The captain was among the first to flee. Only a couple of the 44 life rafts aboard were deployed. The hundreds of passengers were instructed over the intercom to “stay inside and wait” as the ship leaned to one side and began to sink, dragging scores of students down with it.
“I repeatedly told people to calm themselves and stay where they were for an hour,” Kang Hae-seong, the communications officer on the South Korean ferry that sank on Wednesday, said from his hospital bed. He added that he could not recall taking part in any evacuation drills for the ship, and that when a real emergency came, “I didn’t have time to look at the manual for evacuation.”
It took two and a half hours for the ferry, the Sewol, to capsize and become submerged in the blue-gray waters off the southwestern tip of South Korea. Yet in that time, only 179 of the 475 people believed to have been on board were rescued. By Thursday evening, the confirmed death toll was 25.
As rescuers battle bad weather and dwindling hopes to search for the 271 people still missing, most of them students, evidence is growing that human error contributed to one of South Korea’s worst disasters in recent decades.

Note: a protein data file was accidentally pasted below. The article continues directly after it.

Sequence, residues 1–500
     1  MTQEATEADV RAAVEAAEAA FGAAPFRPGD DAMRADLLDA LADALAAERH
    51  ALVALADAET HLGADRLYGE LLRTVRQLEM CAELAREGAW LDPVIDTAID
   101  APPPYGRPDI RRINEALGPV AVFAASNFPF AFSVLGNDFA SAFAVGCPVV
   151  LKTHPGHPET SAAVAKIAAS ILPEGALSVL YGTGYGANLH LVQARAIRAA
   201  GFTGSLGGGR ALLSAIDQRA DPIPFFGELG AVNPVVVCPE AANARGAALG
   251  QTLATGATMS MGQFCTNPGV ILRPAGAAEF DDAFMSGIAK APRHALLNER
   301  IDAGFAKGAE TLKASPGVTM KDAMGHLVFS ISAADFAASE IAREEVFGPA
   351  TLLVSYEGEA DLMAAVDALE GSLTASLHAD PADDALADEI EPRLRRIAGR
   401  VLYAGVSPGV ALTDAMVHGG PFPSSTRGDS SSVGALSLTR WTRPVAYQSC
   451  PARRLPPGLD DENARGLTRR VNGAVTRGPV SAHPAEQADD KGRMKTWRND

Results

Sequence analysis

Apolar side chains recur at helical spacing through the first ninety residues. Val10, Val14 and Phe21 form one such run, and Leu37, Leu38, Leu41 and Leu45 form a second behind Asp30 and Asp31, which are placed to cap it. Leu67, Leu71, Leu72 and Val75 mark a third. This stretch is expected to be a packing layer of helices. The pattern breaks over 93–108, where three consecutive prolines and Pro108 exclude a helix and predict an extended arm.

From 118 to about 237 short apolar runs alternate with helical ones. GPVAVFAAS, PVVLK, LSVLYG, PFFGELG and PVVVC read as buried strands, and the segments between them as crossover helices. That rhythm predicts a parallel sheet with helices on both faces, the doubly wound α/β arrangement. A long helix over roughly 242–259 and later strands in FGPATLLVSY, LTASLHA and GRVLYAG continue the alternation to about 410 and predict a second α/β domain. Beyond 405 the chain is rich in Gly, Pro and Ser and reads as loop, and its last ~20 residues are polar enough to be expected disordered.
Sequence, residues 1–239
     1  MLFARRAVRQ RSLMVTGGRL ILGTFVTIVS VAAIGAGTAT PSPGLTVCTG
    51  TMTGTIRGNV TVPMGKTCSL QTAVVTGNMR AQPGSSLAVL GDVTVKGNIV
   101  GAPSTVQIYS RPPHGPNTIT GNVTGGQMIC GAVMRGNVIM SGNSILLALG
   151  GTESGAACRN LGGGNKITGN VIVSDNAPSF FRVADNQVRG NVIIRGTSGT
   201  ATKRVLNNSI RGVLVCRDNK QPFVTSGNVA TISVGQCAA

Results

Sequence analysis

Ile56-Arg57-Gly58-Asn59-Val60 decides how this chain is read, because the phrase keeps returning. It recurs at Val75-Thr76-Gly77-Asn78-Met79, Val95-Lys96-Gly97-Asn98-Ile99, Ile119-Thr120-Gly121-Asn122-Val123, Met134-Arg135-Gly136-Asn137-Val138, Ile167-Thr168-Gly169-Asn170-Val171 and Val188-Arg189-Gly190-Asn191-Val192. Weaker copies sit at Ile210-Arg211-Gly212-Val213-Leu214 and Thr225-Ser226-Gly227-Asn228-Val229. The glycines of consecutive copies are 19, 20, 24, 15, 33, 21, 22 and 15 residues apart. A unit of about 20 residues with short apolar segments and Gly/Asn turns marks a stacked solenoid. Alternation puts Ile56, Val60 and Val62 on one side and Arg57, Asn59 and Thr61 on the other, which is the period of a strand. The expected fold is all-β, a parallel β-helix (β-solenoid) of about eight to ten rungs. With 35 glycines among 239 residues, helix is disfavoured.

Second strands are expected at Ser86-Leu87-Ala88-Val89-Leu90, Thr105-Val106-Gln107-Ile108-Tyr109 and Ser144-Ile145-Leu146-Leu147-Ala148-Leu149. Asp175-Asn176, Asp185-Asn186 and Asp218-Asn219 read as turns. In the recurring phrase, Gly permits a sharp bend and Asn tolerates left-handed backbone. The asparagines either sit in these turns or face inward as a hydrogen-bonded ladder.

Kim Su-hyun, a provincial coast guard chief, told reporters on Thursday that the ship’s captain, Lee Jun-seok, stood accused of violating his responsibilities by abandoning the ferry ahead of most of his passengers. Coast guard officials who questioned Mr. Lee on Thursday said they were reviewing possible criminal charges, while the police said they were investigating whether he had escaped aboard one of the few life rafts used.
“I can’t lift my face before the passengers and family members of those missing,” Mr. Lee said during a brief appearance before reporters on Thursday."